Creative Ideas for Daily Living

Mudroom Renovation: Drywall Goes Up!

Mudroom Renovation: Drywall Goes Up!

My husband and I have been renovating our mudroom, a project that has been in progress now for over a year. It started sometime during the summer of 2011 with the partial removal of the old linoleum floors. Then, we started accumulating items that we wanted to work into our new room, and the space became dysfunctional and cluttered. I decided that it was time to resurrect the project and create a more functional space. We had planned a long-weekend away at the end of October, but because of impending Hurricane Sandy, we decided to stay home and tear down some walls instead. We started by removing the walls forming the laundry “closet”, which essentially turned our mud room into a hallway leading to the laundry, basement access, powder room, and back door. The ceiling in the former mudroom was about a foot lower then the ceilings in the rest of the main floor, so my husband Matt suggested that maybe we should pull out the ceiling and raise it to match the rest of the house. The mud room area is in the rear of the house and does not have a second story above it, and has a separate roof that is slightly pitched from the middle to the outside edges. We pulled down the old ceilings, and decided that we would be able to vault the ceilings to match the pitch of the roof. So, we’re done with the demolition and ready to add some framing for the drywall. But, Matt has another idea–he’s decided that we should move the basement door. In the current set-up, the basement door opens up to a landing, space which could be reclaimed simply by pivoting the entrance 90 degrees, creating a nice little alcove for the litter box. Litter box placement in the laundry area was always an issue–previously the litter box was shoved into the laundry “closet” next to the dryer, which was out of sight but very hard to access. Originally, we had planned on building a cat door into a cabinet to house the litter box, but I had some concerns about it, so I was thrilled that Matt came up with a better solution. After moving the door, we added some framing to extend the existing bathroom wall as well as the wall behind the washer and dryer to meet the vaulted ceiling. Before commencing with drywall, Matt moved around some electrical wiring, and relocated the light switch closer to the new basement entrance.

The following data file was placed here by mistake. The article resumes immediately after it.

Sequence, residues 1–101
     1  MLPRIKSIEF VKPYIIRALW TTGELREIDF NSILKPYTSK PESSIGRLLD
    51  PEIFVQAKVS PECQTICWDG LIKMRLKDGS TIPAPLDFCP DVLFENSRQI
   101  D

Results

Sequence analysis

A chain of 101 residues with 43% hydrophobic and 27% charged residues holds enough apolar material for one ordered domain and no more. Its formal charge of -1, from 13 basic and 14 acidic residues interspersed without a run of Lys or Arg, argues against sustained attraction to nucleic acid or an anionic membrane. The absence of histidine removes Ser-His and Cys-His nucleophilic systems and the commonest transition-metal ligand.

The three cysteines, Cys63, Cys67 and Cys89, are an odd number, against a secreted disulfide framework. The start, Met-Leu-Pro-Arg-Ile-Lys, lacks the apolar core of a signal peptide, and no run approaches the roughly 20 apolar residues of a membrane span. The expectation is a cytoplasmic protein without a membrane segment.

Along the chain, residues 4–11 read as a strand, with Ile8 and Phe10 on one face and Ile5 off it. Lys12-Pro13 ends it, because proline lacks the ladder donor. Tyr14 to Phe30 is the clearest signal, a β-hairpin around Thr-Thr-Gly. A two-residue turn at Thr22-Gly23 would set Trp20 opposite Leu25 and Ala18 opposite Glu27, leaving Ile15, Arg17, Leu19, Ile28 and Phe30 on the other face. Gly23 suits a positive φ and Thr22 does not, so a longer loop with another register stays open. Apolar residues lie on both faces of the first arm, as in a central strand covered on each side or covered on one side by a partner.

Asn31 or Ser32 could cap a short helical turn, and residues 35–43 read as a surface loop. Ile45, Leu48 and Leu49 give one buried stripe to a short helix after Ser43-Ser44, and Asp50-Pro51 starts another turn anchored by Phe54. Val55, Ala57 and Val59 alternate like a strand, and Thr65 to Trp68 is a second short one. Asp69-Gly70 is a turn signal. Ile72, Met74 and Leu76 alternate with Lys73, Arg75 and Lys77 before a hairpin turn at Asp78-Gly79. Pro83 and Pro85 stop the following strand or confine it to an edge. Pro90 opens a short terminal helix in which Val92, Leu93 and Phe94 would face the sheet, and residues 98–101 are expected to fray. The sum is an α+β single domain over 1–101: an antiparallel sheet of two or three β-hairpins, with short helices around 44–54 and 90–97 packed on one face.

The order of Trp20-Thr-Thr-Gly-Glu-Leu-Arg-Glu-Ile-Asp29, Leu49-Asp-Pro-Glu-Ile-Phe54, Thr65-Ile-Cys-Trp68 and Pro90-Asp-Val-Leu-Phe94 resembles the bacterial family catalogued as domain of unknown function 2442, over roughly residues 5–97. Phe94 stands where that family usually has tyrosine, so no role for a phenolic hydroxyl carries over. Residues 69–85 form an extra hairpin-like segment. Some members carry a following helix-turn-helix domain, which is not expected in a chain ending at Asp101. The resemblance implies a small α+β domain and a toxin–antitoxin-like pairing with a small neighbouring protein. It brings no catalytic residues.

The drywall begins. Drywalling our vaulted ceiling was quite challenging because of the intricate angels that it has. It was especially hard for the two of us (mostly me) to hold the large pieces of drywall up above our heads while trying to attach them to the ceiling studs. To help support the drywall, we built a “T” using a full length 2×4 and attached a short cut-off to the top to prop underneath and help hold it up to the ceiling. We managed to get all the drywall up on the ceiling, then called in the pros from JA Drywall to do the finishing work. The room looks great and is really starting to come together. Now it’s a race to pick out a new washer and dryer and cabinets for our new space.

Are you tackling a drywall project? You might want to take a look at these videos by DIYnetwork for some great tips and tricks.

Amy (91 Posts)

I am a Freelance Graphic Designer full of creative interests! In my spare time, I love to create something new from something old, embark on home decorating and renovation projects, try out new recipes, and attempt to garden. Beyond the artistic pursuits, I have a love for music and enjoy playing the piano and handbells.

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